Cubs

Unsung hero Jonathan Herrera impressing Maddon, Cubs

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Unsung hero Jonathan Herrera impressing Maddon, Cubs

If you asked Cubs fans who Jonathan Herrera was at the start of spring training, you'd get a lot of puzzled looks and shoulder shrugs.

Herrera was an unknown when he signed as a minor-league free agent with the Cubs last December, earning a nonroster invite to spring training. He hit .300 in Cactus League play and suddenly found himself on the Opening Day roster as the Cubs hosted the St. Louis Cardinals at Wrigley Field.

Three weeks later, Herrera is flying high after a few good games in a row, capped off with the game-winning hit in the 11th inning Friday against the Reds.

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Herrera entered Friday's game in the late innings, taking over at third base as Kris Bryant moved to left field. In his first at-bat in the 11th, Herrera lined a sharp single to right field to bring home Anthony Rizzo in an eventual 7-3 victory.

"You have to prepare yourself for the situation," Herrera said. "I'm here to face those situations and be ready for them.

"I try to do the little things every day, take my swings in the cage before and throughout the game, just in case I get an opportunity in the game and then try to do my best."

It's that mindset that has helped Herrera carve out a utilty role with the Cubs, where he now has four RBI in the last four games, including a two-run triple in Pittsburgh Thursday afternoon.

Herrera, 30, signed with the Colorado Rockies as an amateur free agent out of Venezuela in 2002 and appeared in 375 games for the Rockies from 2008-13, making appearances at second base, third base, shortstop and even left field.

After a minor role in Boston last season, Herrera inked a deal with the Cubs and impressed manager Joe Maddon right off the bat.

"During spring training, the thing I really appreciated about him, even when he wasn't playing or he was on the bench, he was always upbeat," Maddon said. "He didn't know his status, he didn't ask about his status. He just kept coming out and doing his job.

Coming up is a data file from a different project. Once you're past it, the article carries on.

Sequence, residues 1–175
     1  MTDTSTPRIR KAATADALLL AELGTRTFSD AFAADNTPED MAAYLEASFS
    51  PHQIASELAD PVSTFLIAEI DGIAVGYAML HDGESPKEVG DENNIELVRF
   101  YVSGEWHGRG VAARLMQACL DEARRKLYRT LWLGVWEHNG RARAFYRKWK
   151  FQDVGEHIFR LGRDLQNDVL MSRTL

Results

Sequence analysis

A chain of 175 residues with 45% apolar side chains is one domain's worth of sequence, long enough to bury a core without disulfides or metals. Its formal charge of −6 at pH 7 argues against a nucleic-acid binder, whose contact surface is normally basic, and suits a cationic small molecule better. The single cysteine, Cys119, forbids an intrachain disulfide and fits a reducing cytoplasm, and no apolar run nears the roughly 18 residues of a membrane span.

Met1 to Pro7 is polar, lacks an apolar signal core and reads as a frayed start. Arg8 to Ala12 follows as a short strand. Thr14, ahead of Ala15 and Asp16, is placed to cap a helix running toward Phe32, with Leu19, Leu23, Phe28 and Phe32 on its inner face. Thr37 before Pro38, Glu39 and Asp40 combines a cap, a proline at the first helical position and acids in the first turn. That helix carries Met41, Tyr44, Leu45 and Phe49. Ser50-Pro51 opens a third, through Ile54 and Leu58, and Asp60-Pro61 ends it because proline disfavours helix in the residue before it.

"I thought, 'This guy is a real professional.' He has totally exhibited that over the course of the two-three weeks of the season. An ability to play a variety of positions, he's gotten some big hits for us, works good at-bats.

"He's a pro, man. When he's one of the guys on that bench, you feel good about it. Because you know if you put him out there, he's going to be ready."

[MORE: Cubs: Bryant, Stanton and the popularity of power prospects]

Herrera credited Maddon's managing style for putting him in a position to succeed and making him comfortable, even when his name isn't on the lineup card to start a game.

With Addison Russell and Kris Bryant now up in the big leagues and starting every day at second base and third base, respectively, Herrera has been relegated to more of a bench role, but he's content with that, especially while the team is winning.

"I'm very happy to be a part of this really good group we have," Herrera said. "I prepare myself every day for an opportunity to come.

"We're playing really hard games every single day. We're fighting, we're playing 27 outs. Good things happen when you play like that."

Some perspective on Pedro Strop's tough outing and struggles

Some perspective on Pedro Strop's tough outing and struggles

Pedro Strop has had a tough go of it lately, but that doesn't mean it's time to panic on one of the most consistent relievers in Cubs history.

After blowing the game Monday night in San Francisco — his third blown save of the month — Strop now has a 5.47 ERA on the year and an 8.22 mark in July alone. In fact, nearly half the runs he's allowed in 2019 have come this month — 7 of 16.

But Strop has been pitching better than his ERA indicates — his FIP (Fielding Independent Pitching) is nearly a full run lower than his ERA this season. His strikeout rate (27.4 percent) and walk rate (8.5 percent) are the lowest they've been since 2016. 

That being said, the 34-year-old has also seen a precipitous spike in hard contact rate and his soft contact percentage is way down. He's been plagued by the home run ball this year more than ever before, serving up 1.7 dingers per 9 innings, the highest rate of his career (though the same can be said for many pitchers this season).

So Strop clearly hasn't been his typical dominant self this year, but he also deserves a better fate than he's had to this point in the season.

Take Monday night, for example.